Group endeavours to help loved ones left after suicide
WHEN Michealle Luijs' son passed away just over four years ago, she had no where to turn.
Her 22-year-old son had committed suicide.
"I didn't really know where to turn to or where to go other than just the normal counselling," she said.
Michealle is the facilitator of Gladstone's only Survivors of Suicide Bereavement Support Group.
In the aftermath, she attended counselling every couple of weeks but felt there was no other person she could turn to.
"A counsellor studies all fields of situations but if you talk to other people who have gone through the same thing, you pick up that your reactions are normal," she said.
"It's more comforting talking to someone who actually knows what you've been through."
She said people who suffer from depression could also benefit from the meetings.
"They can see that what you leave behind is a lot of broken hearts and a lot of not understanding why."
If there are groups for alcoholics, gamblers and people suffering from cancer, suicide support should be offered in Gladstone too, she said.
"Suicide comes from depression; it's an illness."
"And with the right counselling and the right medication, you can get help."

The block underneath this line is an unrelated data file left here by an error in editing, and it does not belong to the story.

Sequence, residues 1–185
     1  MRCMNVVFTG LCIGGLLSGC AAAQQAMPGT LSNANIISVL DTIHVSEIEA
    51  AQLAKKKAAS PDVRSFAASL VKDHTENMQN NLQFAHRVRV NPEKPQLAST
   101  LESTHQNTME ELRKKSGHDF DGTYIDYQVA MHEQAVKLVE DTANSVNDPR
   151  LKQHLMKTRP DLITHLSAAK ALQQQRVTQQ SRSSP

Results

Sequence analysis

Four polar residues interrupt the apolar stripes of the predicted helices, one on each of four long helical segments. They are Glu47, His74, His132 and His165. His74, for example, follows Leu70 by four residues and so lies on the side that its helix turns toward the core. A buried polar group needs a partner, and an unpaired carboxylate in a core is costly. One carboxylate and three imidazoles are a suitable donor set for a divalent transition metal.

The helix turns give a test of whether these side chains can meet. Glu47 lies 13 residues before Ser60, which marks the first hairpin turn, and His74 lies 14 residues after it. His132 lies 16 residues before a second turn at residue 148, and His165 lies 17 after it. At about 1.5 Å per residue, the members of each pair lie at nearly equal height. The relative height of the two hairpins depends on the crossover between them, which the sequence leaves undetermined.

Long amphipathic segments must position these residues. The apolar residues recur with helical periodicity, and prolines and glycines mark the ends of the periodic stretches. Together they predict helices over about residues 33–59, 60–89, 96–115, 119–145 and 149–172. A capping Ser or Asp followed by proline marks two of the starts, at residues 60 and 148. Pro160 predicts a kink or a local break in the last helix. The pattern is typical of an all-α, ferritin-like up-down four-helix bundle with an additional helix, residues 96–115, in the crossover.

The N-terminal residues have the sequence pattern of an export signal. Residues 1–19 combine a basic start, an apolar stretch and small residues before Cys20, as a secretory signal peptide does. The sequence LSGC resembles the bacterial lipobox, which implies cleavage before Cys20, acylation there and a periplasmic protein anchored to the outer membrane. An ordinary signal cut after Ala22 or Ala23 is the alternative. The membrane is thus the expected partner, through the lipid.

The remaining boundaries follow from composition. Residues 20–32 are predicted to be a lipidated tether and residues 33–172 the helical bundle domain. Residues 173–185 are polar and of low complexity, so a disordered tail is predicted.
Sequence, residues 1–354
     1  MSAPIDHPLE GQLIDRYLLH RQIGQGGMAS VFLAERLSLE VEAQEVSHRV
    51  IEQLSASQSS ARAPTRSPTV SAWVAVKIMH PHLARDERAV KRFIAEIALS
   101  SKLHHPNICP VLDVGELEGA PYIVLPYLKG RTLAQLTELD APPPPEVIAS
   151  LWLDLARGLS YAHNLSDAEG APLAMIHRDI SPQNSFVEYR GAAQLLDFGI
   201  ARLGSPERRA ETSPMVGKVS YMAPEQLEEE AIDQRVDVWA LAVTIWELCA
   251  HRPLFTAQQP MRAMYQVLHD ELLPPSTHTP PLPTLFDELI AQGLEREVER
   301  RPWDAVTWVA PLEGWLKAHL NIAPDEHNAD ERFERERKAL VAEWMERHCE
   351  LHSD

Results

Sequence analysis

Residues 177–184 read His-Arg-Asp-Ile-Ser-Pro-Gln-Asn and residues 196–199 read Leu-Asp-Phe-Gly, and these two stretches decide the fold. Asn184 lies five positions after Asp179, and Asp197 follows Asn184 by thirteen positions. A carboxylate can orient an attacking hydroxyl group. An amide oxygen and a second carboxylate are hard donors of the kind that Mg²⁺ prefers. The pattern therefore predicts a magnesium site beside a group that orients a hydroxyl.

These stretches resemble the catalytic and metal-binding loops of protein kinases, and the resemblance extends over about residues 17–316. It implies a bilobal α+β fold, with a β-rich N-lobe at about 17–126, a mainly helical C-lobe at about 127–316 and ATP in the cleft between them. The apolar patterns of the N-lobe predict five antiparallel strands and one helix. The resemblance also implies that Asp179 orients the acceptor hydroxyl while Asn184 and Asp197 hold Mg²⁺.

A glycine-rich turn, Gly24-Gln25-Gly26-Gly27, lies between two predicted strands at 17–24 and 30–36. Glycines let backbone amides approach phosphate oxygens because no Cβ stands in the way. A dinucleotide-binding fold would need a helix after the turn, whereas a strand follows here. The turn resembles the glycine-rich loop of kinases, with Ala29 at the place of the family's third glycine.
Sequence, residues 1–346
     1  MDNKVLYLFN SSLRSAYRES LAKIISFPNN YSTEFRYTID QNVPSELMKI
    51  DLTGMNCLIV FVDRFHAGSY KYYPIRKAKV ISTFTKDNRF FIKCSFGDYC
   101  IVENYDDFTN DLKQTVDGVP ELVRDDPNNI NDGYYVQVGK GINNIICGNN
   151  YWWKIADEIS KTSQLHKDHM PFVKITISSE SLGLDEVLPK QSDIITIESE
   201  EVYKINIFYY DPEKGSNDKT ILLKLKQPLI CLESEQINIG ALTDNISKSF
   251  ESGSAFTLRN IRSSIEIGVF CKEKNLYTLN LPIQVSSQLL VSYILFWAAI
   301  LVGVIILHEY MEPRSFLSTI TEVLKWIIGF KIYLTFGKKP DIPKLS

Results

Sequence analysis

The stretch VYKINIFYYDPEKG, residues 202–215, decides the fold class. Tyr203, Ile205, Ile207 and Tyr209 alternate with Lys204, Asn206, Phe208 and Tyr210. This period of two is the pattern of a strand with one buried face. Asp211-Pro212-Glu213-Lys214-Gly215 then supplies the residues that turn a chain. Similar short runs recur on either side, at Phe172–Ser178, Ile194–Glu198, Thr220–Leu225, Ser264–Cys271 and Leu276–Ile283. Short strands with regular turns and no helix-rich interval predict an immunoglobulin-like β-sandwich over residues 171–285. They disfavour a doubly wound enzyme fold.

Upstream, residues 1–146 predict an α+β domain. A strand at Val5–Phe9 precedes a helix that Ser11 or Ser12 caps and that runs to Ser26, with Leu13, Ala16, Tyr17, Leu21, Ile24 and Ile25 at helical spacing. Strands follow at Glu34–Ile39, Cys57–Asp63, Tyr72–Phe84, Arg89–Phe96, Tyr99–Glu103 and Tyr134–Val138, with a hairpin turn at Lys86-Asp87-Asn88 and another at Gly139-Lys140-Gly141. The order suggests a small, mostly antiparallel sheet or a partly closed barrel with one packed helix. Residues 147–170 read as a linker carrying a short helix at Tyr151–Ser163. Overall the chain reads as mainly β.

The meetings originally started because she believed there wasn't enough support for people who had lost a loved one to suicide.
"After a certain amount of time other people sort of think it's time to get on with your life but you can't really," she said.
She considers talking as the best therapy.
"Talking to people who are in the same situation is always very helpful . . . because everyone understands."
The group has been operating since November last year and meets the second Thursday of every month at the Neighbourhood Centre, 105 Toolooa St.
If you would like to contact Michealle contact her on 0413 121 512.
Suicide support hotlines
- Lifeline: 13 11 14 or Kids Helpline: 1800 551 800
- Suicideline:1300 651 251